From No Balls to Nobels

Al Gore’s post-political communications triumphs stand in stark contrast to his political communications body of work. I couldn’t stand to listen to Gore as a candidate. He was condescending, simplistic, arrogant, uninspiring, insincere, gutless, utterly predictable and formulaic. But almost since the moment the election ended, he became more compelling as the shackles of politics were removed.

In the political world, gotcha reporters cause candidates to stick with risk-averse milquetoast phrasing. Interest groups make candidates into inflexible and oh-so-predictable policy slaves. TV news editors make candidates into simplistic sound bite machines. Cookie cutter political consultants make candidates into grating repetitive robots.

The political system makes an awful lot of thoughtful, decent people of all political stripes look like devious dolts. The fact that people like Gore, Dole, Carter and others are only able to display their true heart, mind, guts and soul after they leave politics raises serious questions about our political system.

– Loveland

Speak The Word — Courage or Hypocrisy?

The power of a word. Genocide.

A US House committee calls the Ottoman Empire’s last gasp in killing perhaps 1.5 million Armenians in the early 20th Century “genocide,” and now our troops in Iraq may be put at greater risk because of Turkey’s angry reaction.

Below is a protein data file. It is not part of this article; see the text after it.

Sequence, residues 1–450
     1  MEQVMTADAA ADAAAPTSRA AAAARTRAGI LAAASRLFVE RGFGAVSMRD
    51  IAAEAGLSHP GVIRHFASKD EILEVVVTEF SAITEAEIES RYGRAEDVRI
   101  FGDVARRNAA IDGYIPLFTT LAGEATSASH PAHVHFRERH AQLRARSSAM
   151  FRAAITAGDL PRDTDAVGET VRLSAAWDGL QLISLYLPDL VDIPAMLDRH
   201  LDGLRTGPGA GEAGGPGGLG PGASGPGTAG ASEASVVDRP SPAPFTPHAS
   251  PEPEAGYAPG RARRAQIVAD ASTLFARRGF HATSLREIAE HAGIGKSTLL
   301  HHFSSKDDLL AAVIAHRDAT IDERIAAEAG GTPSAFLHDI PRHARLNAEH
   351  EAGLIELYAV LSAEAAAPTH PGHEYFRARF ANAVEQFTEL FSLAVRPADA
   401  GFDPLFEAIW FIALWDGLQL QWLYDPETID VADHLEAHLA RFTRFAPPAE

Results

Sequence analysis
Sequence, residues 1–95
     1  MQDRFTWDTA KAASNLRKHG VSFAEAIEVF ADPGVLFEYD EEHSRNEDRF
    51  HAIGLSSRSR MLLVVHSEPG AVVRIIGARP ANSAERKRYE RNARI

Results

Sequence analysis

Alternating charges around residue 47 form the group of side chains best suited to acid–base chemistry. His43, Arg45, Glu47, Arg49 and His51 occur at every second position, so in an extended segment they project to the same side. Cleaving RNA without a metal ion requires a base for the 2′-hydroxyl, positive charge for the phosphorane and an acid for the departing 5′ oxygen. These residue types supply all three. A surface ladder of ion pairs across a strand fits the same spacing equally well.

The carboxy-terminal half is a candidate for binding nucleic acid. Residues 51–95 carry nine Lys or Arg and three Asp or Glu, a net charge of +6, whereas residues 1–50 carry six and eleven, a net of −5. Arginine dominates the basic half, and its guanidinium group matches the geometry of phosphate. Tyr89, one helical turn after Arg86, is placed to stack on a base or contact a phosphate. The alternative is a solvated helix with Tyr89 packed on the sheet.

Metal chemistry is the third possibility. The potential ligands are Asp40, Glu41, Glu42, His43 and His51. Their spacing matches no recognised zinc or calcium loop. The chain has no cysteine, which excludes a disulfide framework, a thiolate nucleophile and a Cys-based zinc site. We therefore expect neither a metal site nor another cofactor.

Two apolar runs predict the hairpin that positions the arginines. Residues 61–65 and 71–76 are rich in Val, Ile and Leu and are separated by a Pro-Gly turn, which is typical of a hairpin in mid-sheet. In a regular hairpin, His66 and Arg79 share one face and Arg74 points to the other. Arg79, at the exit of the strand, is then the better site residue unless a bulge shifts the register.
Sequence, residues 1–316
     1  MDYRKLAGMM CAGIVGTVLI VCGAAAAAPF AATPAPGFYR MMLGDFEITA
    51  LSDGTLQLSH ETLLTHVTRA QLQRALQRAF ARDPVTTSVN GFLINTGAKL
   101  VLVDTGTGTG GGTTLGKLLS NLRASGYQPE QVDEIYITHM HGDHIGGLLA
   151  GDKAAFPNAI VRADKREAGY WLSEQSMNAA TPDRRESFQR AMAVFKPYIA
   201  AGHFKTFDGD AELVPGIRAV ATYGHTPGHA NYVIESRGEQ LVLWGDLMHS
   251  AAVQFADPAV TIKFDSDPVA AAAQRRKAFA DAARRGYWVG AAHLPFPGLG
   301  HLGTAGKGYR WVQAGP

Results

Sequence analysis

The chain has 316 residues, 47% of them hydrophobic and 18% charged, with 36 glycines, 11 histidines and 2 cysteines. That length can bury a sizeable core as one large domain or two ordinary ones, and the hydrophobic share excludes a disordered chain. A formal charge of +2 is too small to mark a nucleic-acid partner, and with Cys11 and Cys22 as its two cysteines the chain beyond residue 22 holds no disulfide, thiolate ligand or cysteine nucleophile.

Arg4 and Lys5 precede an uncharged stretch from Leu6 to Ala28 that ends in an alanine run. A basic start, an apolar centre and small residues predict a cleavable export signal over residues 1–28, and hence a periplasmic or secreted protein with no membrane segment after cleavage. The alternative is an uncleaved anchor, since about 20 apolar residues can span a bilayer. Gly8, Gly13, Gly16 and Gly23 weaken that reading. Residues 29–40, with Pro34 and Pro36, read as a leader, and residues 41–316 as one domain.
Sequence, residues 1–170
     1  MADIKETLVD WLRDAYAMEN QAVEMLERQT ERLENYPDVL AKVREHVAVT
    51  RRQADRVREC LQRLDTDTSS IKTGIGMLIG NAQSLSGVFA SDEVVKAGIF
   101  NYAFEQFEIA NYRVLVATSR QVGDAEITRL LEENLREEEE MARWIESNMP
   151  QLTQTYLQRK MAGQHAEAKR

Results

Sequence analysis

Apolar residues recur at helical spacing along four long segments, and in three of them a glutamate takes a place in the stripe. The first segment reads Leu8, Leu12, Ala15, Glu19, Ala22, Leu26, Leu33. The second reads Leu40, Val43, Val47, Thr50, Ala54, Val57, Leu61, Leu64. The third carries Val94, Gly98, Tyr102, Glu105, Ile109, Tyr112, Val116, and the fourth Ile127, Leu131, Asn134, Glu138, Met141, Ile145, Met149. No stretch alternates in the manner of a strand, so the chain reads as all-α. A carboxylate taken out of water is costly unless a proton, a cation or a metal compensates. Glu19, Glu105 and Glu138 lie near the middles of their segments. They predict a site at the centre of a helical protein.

Commenting on events halfway around the world, while ignoring your own problems at home, used to be called “Afghanistanism.”  The US House, which hasn’t been able to find the cojones to challenge, or even look squarely at, the Bush administration’s atrocities, decides it’s time to right a 90-year-old wrong an ocean and a sea away. Brilliant.

Turkey, an admirable ally in the current endless war, jails journalists who call the killings genocide. As I.F. Stone said about the South Vietnamese government we were propping up in our last endless war, “our allies are a pretty stinking bunch.”

But we are global hypocrites ourselves when we throw stones from our glass house. This country systematically killed millions of black slaves and Native Americans (the last US Army massacre of Indians, at Wounded Knee, took place only 25 years before the slaughter of Armenians started), and we are this minute killing Iraqi civilians in this wrong war in the wrong place.

Often, speaking powerful words takes courage. That’s not something Congress displays very often. Nor in this case.

— Bruce Benidt